Question: I have a question for both prime ministers. You mentioned in passing that cooperation in the fuel and energy sector was one of the topics of discussion. Could you be more specific as to the discrepancies that apparently still remain over Russian oil supplies to Belarus and the situation with the supply of Russian gas?

And if I may, Mr Putin, a question for you. Reports have just come in that the European Parliament has passed a tough resolution on Belarus. We know that one of the issues is the detention of Russian nationals. Was this question raised during the meeting with the prime minister? Perhaps you can tell us whether the Russian parliament is preparing some kind of response to Belarus? Thank you.

Vladimir Putin: As regards oil and gas, Russia has restated its position that gas will be supplied to Belarus under the current contract, which remains in effect until the end of this year. We are ready to start negotiations on the terms of gas supplies to Belarus in 2012 and beyond. This year, the contract will be fulfilled. However, we have agreed that if the need arises (and I stress, if the need arises) we would think about state support measures that Russia could take to make these supplies less burdensome for businesses and for the budget of the Republic of Belarus. That is as far as gas is concerned.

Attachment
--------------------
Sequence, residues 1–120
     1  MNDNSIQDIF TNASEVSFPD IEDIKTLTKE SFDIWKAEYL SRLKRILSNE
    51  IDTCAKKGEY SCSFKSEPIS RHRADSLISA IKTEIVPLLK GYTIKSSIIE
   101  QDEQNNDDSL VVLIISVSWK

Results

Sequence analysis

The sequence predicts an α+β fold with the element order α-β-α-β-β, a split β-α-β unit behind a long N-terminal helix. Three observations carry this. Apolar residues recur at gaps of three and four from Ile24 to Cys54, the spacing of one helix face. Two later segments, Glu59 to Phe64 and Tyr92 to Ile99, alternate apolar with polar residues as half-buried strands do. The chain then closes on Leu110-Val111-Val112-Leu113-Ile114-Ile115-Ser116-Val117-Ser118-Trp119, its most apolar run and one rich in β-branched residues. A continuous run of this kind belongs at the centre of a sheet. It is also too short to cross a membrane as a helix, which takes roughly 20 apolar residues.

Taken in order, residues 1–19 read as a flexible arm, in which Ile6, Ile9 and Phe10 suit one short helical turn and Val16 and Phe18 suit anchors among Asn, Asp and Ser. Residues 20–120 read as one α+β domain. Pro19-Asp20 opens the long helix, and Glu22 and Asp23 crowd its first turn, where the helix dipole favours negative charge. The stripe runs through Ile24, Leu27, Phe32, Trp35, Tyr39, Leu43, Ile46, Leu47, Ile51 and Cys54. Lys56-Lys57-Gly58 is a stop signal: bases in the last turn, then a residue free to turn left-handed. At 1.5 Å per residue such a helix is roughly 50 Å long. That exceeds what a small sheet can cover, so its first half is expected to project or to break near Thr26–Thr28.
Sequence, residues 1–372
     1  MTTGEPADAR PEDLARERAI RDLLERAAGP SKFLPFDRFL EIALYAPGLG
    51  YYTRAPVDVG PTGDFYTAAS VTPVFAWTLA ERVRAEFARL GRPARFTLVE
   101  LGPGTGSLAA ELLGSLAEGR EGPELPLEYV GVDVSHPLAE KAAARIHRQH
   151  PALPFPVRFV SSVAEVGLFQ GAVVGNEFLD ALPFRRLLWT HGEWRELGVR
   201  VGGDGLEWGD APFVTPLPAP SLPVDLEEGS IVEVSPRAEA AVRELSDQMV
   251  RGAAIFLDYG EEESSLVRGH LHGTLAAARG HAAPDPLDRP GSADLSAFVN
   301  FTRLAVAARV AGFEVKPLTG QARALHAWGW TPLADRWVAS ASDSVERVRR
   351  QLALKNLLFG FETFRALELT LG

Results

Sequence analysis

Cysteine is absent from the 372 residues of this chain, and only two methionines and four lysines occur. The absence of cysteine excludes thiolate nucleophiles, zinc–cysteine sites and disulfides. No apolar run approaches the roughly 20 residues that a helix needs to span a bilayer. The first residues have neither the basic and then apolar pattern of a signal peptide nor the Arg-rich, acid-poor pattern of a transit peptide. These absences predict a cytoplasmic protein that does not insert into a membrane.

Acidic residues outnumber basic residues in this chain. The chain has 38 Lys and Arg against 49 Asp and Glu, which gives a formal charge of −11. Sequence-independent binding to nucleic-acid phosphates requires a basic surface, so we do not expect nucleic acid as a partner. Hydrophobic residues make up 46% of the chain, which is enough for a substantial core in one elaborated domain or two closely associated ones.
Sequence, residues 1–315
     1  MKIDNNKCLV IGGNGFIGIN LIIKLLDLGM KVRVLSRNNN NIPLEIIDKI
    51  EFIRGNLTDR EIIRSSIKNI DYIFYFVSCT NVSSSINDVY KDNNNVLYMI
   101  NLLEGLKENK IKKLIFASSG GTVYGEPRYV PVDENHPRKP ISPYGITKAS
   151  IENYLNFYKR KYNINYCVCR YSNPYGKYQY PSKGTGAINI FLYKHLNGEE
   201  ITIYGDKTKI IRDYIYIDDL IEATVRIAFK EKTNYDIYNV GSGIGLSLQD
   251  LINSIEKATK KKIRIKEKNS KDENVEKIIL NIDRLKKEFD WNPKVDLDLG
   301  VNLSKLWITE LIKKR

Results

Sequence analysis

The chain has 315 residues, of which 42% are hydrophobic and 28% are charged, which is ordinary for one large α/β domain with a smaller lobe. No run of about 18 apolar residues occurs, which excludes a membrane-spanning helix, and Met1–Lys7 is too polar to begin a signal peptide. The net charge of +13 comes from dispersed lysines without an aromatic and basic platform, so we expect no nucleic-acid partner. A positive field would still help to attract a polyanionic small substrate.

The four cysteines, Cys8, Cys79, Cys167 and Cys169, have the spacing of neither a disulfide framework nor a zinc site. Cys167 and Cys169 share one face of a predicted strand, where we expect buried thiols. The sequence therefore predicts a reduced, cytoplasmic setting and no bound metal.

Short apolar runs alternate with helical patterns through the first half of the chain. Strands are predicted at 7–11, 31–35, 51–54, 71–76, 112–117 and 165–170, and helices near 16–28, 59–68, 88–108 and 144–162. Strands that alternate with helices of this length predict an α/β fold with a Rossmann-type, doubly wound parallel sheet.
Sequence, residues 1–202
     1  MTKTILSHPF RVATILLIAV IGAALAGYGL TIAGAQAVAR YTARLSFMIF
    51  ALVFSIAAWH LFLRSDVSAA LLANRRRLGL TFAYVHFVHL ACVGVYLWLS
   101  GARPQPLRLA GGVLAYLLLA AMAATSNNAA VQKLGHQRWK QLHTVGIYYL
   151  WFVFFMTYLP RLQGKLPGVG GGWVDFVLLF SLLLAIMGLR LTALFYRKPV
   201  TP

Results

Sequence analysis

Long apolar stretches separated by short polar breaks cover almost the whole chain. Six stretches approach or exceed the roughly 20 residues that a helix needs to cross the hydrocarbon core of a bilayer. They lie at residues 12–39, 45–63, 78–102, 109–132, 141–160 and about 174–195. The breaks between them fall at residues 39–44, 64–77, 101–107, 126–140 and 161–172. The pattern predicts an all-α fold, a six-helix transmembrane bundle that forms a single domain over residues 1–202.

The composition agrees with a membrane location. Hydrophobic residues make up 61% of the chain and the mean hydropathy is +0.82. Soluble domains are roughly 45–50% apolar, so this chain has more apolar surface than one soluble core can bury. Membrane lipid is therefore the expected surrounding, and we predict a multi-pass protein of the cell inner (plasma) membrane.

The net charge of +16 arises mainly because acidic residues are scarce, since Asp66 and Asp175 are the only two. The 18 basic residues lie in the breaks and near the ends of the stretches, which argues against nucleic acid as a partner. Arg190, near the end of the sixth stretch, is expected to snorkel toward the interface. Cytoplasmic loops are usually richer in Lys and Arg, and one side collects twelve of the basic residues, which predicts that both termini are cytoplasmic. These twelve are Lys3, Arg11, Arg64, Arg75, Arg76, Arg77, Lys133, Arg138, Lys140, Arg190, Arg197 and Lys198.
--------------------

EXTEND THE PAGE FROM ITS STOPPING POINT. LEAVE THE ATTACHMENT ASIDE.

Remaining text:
Now about oil. Under the agreements reached while working on the Common Economic Space, the Russian government has assumed an obligation to lift all export duties on crude oil once this package of documents is signed and ratified. The Russian government has kept all its promises and fulfilled all its obligations. We have cancelled all customs duties on crude oil. We have certain arrangements – and I am now speaking straightforwardly – through which we will try to ensure that the amount of subsidies to the Belarusian economy, to the oil sector, is not less that the amount Belarus received in 2007-2009 before the oil export duties were introduced. That amount is 4.12 billion US dollars. There are some questions regarding payments, but we have reaffirmed our position. We will reach agreement on this issue and will have these parameters soon. The Belarusian economy will get a subsidy of no less than 4.12 billion US dollars on account of cheap Russian oil supplies.